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Infinite Loops

Once in a while you may run into an infinite loop. Sometimes they are necessary and welcomed, but most of the time they are unwanted. In this video you’ll learn what infinite loops are and how they can occur.

00:00 So, one thing you may have run into while dealing with while loops is this idea of a loop that doesn’t end—we called them infinite loops. And this happens whenever we don’t change the condition.

00:14 So if a condition is always returning True, then it’s always going to execute. Let’s show an example. In the one that we’ve been using, n = 5 and we have our while n > 0: we’re going to execute this code.

00:34 Normally, we’re doing n = n - 1, and then we print n. So just to remind you, let’s run this and see what we get.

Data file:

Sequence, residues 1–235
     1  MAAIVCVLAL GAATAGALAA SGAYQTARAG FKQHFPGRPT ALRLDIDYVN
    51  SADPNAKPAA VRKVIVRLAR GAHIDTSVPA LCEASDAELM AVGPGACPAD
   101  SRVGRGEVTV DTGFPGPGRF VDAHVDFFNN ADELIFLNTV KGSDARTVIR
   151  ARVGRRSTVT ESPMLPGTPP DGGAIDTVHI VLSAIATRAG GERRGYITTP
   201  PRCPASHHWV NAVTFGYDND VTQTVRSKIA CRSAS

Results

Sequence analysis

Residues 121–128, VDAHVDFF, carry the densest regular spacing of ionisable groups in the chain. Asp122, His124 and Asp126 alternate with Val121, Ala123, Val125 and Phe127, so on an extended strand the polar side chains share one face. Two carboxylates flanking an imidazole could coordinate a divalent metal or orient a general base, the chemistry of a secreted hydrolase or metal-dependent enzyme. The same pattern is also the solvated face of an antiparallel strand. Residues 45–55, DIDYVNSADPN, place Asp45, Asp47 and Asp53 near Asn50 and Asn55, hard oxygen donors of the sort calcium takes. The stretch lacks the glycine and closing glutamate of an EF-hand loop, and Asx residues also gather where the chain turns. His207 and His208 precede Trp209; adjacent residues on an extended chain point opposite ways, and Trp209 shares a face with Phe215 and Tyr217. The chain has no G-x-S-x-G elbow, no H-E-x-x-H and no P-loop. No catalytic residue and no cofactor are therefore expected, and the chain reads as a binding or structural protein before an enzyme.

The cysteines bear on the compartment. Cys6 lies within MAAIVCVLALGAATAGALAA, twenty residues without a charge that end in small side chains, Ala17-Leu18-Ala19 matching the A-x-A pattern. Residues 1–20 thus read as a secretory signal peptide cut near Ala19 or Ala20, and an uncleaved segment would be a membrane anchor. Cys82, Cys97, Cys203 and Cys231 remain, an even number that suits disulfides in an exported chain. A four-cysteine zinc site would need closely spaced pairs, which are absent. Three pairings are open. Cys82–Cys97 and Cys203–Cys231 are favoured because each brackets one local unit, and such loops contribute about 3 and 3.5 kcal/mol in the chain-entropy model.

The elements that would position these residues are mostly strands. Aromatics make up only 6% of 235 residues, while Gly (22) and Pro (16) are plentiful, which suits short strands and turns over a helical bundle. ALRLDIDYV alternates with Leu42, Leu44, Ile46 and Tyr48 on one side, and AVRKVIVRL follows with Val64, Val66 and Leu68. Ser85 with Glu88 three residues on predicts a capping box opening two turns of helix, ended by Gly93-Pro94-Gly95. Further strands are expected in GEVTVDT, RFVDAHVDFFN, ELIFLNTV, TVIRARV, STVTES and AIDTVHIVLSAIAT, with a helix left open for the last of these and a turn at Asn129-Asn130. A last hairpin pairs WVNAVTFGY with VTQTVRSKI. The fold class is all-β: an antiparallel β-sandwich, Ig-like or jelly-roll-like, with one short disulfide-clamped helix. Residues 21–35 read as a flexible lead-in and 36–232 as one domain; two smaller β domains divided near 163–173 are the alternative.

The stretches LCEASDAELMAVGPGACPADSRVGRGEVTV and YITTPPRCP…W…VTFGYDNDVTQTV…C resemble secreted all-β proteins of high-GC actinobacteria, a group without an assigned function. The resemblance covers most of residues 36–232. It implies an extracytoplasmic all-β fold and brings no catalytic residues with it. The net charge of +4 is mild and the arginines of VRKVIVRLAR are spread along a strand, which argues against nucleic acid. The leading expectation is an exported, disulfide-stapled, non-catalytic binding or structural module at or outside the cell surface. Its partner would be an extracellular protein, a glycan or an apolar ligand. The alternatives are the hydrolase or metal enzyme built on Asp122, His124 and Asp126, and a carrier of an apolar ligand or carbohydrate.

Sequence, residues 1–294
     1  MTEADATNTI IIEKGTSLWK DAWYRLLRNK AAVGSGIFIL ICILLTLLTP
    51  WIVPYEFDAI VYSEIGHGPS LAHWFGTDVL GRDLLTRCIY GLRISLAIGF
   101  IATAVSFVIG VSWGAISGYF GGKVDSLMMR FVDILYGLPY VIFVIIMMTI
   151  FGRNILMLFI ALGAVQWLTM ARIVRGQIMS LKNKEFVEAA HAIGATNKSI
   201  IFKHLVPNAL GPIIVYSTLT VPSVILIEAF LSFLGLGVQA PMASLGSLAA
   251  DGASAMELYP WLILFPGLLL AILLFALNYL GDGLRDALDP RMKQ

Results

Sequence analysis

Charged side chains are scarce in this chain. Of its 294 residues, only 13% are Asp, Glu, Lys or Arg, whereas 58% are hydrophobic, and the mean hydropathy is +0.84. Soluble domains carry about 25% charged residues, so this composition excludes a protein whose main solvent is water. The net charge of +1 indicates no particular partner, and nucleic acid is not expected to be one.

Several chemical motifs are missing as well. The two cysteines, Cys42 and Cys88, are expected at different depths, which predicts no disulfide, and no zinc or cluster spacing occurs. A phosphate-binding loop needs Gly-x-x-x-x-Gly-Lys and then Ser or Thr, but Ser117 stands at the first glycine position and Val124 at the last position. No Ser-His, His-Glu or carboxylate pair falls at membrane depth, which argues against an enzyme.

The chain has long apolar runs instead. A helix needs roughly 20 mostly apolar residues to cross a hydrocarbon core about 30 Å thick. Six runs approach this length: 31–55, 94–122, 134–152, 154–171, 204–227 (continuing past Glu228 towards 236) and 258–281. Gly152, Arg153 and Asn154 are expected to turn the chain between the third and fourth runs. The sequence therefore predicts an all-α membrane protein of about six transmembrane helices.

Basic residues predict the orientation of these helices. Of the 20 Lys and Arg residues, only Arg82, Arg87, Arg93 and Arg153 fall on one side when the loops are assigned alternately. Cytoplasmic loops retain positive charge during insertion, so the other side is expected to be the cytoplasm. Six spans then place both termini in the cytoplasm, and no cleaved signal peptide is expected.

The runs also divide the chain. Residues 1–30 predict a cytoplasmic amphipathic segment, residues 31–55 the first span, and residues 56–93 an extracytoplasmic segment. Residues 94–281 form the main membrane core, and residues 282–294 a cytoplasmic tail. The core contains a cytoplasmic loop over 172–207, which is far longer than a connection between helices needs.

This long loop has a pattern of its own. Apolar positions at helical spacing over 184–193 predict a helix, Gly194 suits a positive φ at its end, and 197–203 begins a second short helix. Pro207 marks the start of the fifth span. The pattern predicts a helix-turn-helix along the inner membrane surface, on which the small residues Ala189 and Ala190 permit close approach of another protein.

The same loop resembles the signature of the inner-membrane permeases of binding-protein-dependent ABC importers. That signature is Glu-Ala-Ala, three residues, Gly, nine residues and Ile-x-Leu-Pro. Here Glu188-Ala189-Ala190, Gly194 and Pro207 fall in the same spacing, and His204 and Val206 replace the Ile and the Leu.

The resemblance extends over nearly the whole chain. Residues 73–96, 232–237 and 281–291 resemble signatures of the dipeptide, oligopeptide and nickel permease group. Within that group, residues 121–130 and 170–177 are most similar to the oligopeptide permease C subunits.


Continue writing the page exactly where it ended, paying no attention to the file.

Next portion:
00:52 All right, so we get our loop, it ends, everything’s fine. Now, what would happen if I took away that first part that is actually decrementing n?

01:07 So, is n ever going to be not 5 if I’m not decrementing it in my loop? No. n is going to stay 5. So if I run this loop…

01:30 we’ll see what happens. See, it’s just going 5, 5, 5, 5, 5, 5, 5, 5, blah, blah, blah, forever and ever and ever. It’s not stopping. That’s an infinite loop right there.

01:41 So if I want to break out, I just hit Control + C and it is forced to reset. So it’s going to stop, you can use that tip whenever you need to break out of an infinite loop. Now, infinite loops can be useful in some senses.

01:54 If you need something to happen forever and you never want something to stop, then you can write an infinite loop. But normally, whenever we are writing our while loops, we always want to make sure that we, at some point, are changing our variable or making sure that our condition becomes False at one point or another, or else we will run into an infinite loop.

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stennow on May 11, 2020

feedback. - I like that you use Thonny and use the exelent debugging tool. - I realy hate that you do not move the mouse cursor away from the screen when you write code.

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